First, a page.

A Minnesota judge has ruled that biological men who identify as women can compete against natural-born women in USA Powerlifting (USAPL) following a discrimination case against the organization.
In his ruling (pdf), District Judge Patrick Diamond said that the national powerlifting organization must “cease and desist from all unfair discriminatory practices” after finding that it had engaged in unfair discriminatory practices by denying transgender weightlifter JayCee Cooper “the full and equal enjoyment of public accommodation because of sexual orientation.”
Cooper, who was born a male, filed a complaint with the Minnesota Department of Human Rights in 2019 alleging that the organization had violated the state’s Human Rights Act after Cooper was banned from competing in the women’s division.
Cooper then filed a lawsuit against USA Powerlifting in state court in 2021 alleging claims of sex and sexual orientation discrimination under the Minnesota Human Rights Act (MHRA) against USAPL and Powerlifting Minnesota.
The lawsuit, which was filed through the Minnesota-based advocacy group Gender Justice, also alleged that Powerlifting Minnesota had aided and abetted sex and sexual orientation discrimination under the MHRA.
Cooper Was ‘Separated, Segregated’
Lawyers for the weightlifter said in the lawsuit (pdf) that Cooper began powerlifting in 2018 and “fell in love with the sport.”
“Ms. Cooper sees powerlifting as a way to find strength within herself and has found a home in the community of strong supportive women who come together around a shared love of sport,” the lawyers wrote.
It goes on to note that Cooper had been training to compete in the USAPL Minnesota State Bench Press Championship and the Minnesota Women’s State Championship in January and February 2019, respectively, but in December 2018, USAPL sent an email to the weightlifter, stating that Cooper could not compete because of Cooper’s transgender identity.
“USAPL then revoked her competition card, which means that she was not eligible to compete in future USAPL events,” the lawsuit states, referring to Cooper. “USAPL MN then went on to hold both championship events, at which all transgender women athletes were prohibited from competing.”
Diamond ultimately agreed with Cooper’s attorneys.
“By denying Cooper the right to participate in the female category, the category consistent with her self-identification, USAPL denied her the full and equal enjoyment of the services, support, and facilities USAPL offered its members,” Diamond wrote in his ruling. “It separated Cooper and segregated her and, in doing so, failed to fully perform the contractual obligations it agreed to when it accepted Cooper’s money and issued Cooper a membership card.”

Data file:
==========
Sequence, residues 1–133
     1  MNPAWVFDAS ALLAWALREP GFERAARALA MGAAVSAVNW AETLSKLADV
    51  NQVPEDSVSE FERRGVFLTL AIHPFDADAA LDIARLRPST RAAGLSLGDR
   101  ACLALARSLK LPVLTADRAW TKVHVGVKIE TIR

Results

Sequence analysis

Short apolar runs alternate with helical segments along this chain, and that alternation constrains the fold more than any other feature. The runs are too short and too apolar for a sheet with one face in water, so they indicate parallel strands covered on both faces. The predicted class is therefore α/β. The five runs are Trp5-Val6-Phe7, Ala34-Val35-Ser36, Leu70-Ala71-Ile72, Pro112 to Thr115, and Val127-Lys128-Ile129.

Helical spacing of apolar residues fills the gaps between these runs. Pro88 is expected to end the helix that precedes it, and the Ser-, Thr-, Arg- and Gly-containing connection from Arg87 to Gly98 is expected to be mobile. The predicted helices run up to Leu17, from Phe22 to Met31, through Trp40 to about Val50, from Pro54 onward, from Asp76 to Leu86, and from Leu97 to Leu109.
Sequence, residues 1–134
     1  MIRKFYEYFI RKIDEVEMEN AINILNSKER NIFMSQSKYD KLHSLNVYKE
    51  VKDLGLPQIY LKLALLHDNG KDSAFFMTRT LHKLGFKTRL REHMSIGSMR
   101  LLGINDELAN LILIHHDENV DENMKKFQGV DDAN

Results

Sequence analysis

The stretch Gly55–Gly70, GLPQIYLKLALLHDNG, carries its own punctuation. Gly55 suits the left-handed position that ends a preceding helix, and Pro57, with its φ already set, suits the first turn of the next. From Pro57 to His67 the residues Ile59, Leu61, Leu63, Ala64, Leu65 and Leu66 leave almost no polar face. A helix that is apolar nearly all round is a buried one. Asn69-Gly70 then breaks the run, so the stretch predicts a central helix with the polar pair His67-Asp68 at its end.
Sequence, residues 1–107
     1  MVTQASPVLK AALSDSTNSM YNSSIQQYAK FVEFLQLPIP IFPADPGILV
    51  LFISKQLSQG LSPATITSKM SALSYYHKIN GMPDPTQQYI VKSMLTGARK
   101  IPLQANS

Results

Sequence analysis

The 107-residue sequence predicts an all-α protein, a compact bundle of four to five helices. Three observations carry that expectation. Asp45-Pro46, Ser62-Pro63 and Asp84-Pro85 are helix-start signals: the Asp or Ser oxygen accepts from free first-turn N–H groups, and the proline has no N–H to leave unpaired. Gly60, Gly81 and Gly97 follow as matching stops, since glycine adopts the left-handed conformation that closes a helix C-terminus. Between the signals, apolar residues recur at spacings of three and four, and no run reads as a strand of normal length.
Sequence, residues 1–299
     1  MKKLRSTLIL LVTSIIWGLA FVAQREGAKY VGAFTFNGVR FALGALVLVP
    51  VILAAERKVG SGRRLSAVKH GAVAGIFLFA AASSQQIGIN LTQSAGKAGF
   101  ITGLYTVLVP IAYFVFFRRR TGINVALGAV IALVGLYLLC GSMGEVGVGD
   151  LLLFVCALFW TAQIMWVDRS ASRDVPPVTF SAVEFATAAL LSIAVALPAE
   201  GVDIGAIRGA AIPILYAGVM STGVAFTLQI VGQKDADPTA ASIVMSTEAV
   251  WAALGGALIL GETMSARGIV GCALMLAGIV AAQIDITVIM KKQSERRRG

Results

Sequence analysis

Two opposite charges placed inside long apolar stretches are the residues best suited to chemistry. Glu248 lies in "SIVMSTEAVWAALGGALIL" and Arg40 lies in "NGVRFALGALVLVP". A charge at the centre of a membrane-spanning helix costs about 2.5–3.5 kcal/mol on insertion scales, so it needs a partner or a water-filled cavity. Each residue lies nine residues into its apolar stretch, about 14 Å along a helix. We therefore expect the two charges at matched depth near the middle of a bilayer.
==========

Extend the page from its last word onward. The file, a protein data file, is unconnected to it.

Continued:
The judge also noted in his 46-page ruling that “the harm is in making a person pretend to be something different, the implicit message being that who they are is less than.”
“That is the very essence of separation and segregation, and it is what the MHRA prohibits,” the judge wrote. He also cited the “increased risk of depression and suicide, lack of access to coaching and practice facilities, or other performance suppression common to transgender persons,” as competitive disadvantages for transgender competitors.
USA Powerlifting Must Revise Policy
USAPL had argued that allowing male-to-female transgender athletes to compete against women was against company policy and that Cooper would have a competitive advantage over natural-born women.
In 2021, USAPL established an MX category, which is open to cisgender men and women as well as transgender men and women.
Judge Diamond ordered that USAPL submit a revised policy to remedy three specific areas of discrimination within 14 days and to comply with the revised policy thereafter.
A trial on possible damages has been set for May 1.
In a statement to Minneapolis NBC affiliate KARE-TV after the ruling, Cooper called the decision a “win.”
“After years of experiencing discrimination from USA Powerlifting, and the backlash that has occurred due to that, of course I have complex feelings about the sport,” Cooper said. “But I think that this win – [it] is a representation of where we can move forward.”
‘We Respectfully Disagree’
Separately, USA Powerlifting President Larry Maile told the KARE-TV it is considering appealing the decision.
“Our position has been aimed at balancing the needs of cis- and transgender women, whose capacities differ significantly in purely strength sports,” Maile said. “We have received a summary judgment decision from the Court finding us liable for discrimination. We respectfully disagree with the Court’s conclusions. We are considering all of our options, including appeal.”
The Epoch Times has contacted USA Powerlifting for comment.
The latest ruling comes shortly after 22 Republican senators, including Sens. Tommy Tuberville (R-Ala.), Mike Crapo (R-Idaho), and Mike Lee (R-Utah), reintroduced a bill aimed at protecting female athletes and ensuring fairness and safety in women’s sports at educational institutions across the United States.
Known as the “Protection of Women and Girls in Sports Act,” the bill would preserve Title IX protections for female athletes, which ban discrimination on the basis of sex in sports programs and require all educational institutions in the country to reward male and female athletes equally.
That bill would counteract the Biden administration’s expected plans to finalize rules in May that would force institutions to allow biological males to share women-only spaces and compete in women’s sports.